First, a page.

shining shoes. He moved in 1893 to Dalhousie University, in Halifax, Nova Scotia. Again his experience there was not happy and he did not graduate. In 1895 he went to London and entered King's College of London University , although there is no record of his enrolment at that time.

    It was therefore not until 1897 he enrolled as a student of Gray's Inn to read for the bar. There he satisfied the entrance requirements by passing a preliminary examination in Latin , English and History.

    During this time Williams earned some money through lecturing for the Church of England Temperance Society. This took him to all parts of the British Isles speaking under the auspices of parish churches. He also lectured on thrift for the National Thrift Society whose chairman , Dr. Greville Walpole , wrote that Williams' "heroic struggle to make ends meet won his admiration because the little he was able to earn by his lectures simply defrayed the cost of living."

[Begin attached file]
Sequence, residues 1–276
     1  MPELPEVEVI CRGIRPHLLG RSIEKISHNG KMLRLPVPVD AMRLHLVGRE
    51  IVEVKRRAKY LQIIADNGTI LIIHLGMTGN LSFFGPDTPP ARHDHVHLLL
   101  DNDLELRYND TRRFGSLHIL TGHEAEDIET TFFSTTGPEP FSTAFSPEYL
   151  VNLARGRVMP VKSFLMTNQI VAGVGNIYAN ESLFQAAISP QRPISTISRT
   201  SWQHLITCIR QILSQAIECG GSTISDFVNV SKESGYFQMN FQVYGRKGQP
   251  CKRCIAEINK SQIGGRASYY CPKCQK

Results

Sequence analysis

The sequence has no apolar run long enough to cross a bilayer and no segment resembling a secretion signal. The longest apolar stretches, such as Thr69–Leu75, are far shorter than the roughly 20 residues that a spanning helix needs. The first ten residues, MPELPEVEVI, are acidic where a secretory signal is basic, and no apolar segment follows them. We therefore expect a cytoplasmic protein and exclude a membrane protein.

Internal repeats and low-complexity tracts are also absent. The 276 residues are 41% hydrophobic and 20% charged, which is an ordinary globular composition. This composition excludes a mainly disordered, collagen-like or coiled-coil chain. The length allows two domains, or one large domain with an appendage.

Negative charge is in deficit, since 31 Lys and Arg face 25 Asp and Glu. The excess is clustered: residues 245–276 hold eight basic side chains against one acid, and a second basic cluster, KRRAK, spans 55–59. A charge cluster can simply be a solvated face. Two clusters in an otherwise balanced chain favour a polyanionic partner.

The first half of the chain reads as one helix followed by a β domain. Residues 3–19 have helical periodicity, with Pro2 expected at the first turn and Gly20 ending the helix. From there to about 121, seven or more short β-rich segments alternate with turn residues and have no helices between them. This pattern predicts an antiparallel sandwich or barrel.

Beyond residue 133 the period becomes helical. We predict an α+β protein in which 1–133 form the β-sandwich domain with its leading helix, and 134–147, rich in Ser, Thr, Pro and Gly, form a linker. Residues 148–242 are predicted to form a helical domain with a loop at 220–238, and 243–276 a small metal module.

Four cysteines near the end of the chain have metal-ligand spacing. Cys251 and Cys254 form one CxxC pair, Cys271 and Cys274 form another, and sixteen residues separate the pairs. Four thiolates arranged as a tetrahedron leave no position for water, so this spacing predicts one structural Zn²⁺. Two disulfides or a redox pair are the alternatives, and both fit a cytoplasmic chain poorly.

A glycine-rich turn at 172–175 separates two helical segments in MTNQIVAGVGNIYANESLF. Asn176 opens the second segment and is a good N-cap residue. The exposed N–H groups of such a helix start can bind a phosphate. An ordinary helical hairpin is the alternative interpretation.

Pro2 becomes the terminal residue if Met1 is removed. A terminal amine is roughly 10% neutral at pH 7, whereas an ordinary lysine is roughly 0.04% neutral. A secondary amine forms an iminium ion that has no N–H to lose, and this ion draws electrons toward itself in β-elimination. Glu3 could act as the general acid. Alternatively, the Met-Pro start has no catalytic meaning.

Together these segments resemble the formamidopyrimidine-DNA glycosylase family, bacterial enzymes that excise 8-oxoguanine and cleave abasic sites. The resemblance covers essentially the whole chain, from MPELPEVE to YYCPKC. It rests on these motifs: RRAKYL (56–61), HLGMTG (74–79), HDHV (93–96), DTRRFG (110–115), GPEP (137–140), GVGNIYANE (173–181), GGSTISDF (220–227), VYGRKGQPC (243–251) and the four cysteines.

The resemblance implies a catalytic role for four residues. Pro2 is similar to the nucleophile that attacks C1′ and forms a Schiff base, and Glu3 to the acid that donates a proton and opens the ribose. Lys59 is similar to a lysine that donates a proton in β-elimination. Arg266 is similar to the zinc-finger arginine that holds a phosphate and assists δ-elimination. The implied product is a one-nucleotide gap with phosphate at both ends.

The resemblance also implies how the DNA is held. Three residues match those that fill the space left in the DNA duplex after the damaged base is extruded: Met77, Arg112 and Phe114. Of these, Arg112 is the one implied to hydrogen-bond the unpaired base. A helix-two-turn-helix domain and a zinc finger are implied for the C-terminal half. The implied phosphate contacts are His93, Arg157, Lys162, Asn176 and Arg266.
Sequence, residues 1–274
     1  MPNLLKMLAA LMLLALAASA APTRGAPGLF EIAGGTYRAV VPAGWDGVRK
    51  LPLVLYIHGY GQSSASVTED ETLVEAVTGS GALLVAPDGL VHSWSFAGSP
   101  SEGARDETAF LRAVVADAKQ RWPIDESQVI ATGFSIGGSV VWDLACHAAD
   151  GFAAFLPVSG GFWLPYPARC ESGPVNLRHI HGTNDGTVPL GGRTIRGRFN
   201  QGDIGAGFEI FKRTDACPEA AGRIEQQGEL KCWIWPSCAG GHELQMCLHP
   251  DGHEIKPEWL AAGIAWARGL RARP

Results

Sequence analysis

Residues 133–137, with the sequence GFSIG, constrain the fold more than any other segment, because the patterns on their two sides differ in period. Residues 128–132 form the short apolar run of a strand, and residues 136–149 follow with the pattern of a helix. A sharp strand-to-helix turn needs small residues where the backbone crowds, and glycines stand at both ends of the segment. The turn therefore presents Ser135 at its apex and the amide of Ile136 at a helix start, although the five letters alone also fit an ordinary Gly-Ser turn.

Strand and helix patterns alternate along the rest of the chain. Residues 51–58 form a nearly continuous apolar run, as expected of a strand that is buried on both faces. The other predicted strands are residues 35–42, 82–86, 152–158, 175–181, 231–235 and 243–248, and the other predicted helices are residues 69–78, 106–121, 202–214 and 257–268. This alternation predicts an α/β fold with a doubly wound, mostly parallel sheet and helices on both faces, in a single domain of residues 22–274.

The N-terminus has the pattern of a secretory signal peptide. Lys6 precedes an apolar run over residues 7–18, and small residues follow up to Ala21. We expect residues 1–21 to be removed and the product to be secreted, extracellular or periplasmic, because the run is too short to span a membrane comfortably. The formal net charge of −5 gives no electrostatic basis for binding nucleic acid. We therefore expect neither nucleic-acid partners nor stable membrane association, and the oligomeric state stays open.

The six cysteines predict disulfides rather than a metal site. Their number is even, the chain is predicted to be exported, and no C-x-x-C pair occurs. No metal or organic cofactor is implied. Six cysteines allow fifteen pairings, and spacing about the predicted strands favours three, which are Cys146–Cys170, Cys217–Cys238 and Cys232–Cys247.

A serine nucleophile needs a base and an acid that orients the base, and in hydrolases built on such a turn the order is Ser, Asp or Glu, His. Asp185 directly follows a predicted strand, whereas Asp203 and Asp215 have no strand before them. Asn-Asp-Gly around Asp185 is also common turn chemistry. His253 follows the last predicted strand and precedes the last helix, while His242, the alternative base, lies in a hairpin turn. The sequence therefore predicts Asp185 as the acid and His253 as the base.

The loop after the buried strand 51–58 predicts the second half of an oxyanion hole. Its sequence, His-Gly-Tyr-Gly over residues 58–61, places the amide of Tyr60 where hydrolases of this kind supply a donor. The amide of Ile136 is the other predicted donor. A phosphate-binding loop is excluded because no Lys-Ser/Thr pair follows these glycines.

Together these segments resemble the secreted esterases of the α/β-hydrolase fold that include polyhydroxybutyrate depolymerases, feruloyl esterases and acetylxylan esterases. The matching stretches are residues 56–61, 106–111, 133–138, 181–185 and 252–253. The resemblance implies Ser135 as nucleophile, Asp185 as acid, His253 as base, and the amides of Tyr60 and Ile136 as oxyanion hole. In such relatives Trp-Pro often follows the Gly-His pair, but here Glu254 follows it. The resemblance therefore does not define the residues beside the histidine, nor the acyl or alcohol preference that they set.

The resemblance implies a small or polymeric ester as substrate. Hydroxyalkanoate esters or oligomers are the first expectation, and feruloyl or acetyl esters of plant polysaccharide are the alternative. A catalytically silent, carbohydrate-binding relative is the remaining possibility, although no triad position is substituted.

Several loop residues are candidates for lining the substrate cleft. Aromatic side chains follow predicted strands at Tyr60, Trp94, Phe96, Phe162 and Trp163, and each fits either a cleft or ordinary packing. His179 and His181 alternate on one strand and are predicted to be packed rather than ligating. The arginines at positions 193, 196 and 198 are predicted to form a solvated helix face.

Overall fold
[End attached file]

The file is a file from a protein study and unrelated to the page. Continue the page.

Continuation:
Things had begun to move in the then 29-year-old Williams' life. He was friendly with 32-year-old Agnes Powell who worked as a secretary with the Temperance Society. They married in 1898 in the face of the strongest opposition of her father who refused to give his consent and thereafter refused to receive him. They had five children , the first Henry Francis Sylvester was born the following year.

    Sometime after June 1897 Williams formed what he first called the African Association, and later the Pan-African Association. While on one of his Temperance speaking engagements in the UK he'd met a most unlikely person for that time , a black South African woman , a Mrs. EV Kinloch. She'd come to England with her Scottish husband who was a diamond-mining engineer. Mixed race marriages were not yet outlawed but black workers were already being treated like beasts. So moved was Williams that he allowed her to speak on his platform.

    He says :

    " I was pleased to see a woman of our own race coming forward from the
    centre of southern Africa telling the people in England things they